Parents are advised to acquaint themselves with the potential for eye injuries in sports and recreational activities including gym and to insist that their children use appropriate, protective eyewear when participating in sports or other fun activities.

Just as your child wears a bike helmet, so must he or she learn to automatically reach for sport-appropriate, protective eyewear when heading for the field or court.


Protective Eyewear

Not all eyewear is alike. The ophthalmologists at Wills Eye Institute recommend you always use appropriate, certified eyewear whenever participating in sports. If you wear prescription eyeglasses or contact lenses, remember that they never substitute for appropriate, well-fitted protective eyewear. You may however, obtain prescription eyewear that is made of impact resistant materials preferably polycarbonate that passes the appropriate standard. Lensless goggles offer no protection.


Sunglasses

Sunglasses, plain or with prescription lenses, protect the eyes against sunlight (ultraviolet radiation). Make certain the sunglasses specify 99 percent ultraviolet blocking capability because darkness of lenses does not mean the same thing and darker lenses are not always better. Sunglasses that are too dark and "fool" the pupil so that it will not constrict allow more ultraviolet light to enter the eye. Polycarbonate lenses are strongly recommended for safety.

American National Standards Institute: ANSI Z80.3-1996 Requirements for non-prescription sunglasses and fashion eyewear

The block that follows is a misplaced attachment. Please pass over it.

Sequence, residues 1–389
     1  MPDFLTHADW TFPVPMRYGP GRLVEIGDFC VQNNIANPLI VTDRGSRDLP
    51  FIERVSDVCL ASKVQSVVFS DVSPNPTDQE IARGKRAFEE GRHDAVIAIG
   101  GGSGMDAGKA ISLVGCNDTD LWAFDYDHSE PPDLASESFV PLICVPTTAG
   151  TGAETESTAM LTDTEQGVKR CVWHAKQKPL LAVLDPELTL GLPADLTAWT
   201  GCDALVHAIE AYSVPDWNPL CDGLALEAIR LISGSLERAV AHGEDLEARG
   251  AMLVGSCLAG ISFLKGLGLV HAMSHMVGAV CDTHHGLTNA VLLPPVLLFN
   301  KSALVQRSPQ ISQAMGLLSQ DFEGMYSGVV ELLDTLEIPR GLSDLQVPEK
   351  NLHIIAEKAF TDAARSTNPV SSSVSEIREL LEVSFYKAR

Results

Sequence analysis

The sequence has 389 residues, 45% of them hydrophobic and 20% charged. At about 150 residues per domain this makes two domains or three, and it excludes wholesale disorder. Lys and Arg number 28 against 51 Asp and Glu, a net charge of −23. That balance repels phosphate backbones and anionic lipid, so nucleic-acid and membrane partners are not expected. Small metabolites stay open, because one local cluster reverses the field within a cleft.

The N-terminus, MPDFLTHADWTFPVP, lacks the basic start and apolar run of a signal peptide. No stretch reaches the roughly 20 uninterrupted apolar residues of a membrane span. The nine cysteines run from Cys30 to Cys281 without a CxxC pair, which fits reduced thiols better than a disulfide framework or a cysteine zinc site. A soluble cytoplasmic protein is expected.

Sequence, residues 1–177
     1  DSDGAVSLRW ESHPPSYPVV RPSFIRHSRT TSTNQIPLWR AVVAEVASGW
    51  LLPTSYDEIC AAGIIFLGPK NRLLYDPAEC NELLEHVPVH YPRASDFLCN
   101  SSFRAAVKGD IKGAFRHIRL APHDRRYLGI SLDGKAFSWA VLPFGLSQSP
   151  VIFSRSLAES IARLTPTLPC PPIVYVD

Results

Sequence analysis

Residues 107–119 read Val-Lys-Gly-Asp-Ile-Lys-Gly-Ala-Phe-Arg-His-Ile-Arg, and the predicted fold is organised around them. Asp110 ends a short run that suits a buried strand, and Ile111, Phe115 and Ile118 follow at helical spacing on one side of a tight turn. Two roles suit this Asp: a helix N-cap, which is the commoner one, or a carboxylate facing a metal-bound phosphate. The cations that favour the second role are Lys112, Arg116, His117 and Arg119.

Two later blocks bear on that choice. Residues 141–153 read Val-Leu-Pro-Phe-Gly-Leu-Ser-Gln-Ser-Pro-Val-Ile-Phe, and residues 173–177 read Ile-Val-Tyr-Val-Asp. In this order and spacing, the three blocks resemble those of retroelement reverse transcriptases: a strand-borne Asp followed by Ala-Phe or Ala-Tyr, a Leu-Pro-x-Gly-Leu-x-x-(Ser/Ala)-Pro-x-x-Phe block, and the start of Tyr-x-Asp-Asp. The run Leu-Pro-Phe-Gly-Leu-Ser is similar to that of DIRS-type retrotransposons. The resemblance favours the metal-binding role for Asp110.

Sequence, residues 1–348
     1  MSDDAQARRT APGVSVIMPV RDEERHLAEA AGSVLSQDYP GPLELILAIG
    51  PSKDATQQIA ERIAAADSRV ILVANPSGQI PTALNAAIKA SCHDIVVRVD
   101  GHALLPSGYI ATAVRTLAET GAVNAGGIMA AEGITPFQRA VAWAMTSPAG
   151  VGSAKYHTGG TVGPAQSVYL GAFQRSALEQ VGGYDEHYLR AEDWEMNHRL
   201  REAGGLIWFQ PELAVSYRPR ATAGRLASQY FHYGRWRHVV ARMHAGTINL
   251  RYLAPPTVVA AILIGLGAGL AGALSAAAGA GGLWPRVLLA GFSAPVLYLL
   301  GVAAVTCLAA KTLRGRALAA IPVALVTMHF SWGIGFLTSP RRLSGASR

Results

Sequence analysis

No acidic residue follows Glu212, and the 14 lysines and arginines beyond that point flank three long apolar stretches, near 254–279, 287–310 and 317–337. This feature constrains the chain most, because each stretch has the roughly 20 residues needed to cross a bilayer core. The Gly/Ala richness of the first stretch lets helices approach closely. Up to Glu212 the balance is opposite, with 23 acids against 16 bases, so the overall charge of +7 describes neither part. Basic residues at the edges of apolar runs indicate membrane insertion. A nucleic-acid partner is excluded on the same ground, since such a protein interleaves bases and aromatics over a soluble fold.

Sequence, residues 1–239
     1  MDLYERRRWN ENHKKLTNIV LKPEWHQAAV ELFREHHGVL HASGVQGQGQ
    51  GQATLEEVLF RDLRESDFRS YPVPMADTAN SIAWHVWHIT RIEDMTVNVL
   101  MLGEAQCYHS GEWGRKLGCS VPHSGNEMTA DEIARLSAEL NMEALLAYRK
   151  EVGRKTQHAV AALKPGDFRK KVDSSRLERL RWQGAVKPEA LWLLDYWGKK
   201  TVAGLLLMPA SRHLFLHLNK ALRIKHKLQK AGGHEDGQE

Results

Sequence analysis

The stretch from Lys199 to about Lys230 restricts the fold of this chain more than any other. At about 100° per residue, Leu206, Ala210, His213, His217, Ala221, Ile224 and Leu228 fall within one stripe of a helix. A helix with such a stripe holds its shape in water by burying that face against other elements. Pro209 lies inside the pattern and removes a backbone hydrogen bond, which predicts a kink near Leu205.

What is an emergency?



This may seem like a silly question, but if you’ve ever had to think about going to the hospital, you may have had to consider whether your injury or condition is truly an emergency. When we think of a health emergency, we often think of a sudden event, like a car accident or heart attack, as worthy of "emergency" status. It may happen on a weekend or holiday when it is difficult to reach your personal healthcare provider. You may wonder, "can it wait?" You may question your own perceptions or feelings.
To further complicate things, not all healthcare insurers define "emergency services" the same way.
For these reasons, it is important to be clear about what constitutes a medical emergency.
You should also be familiar with how your health plan defines an emergency. If you aren’t sure, give them a call or review your customer handbook. When considering whether something is a medical emergency, just remember this rule: if you believe your life or health is in jeopardy, seek medical treatment immediately.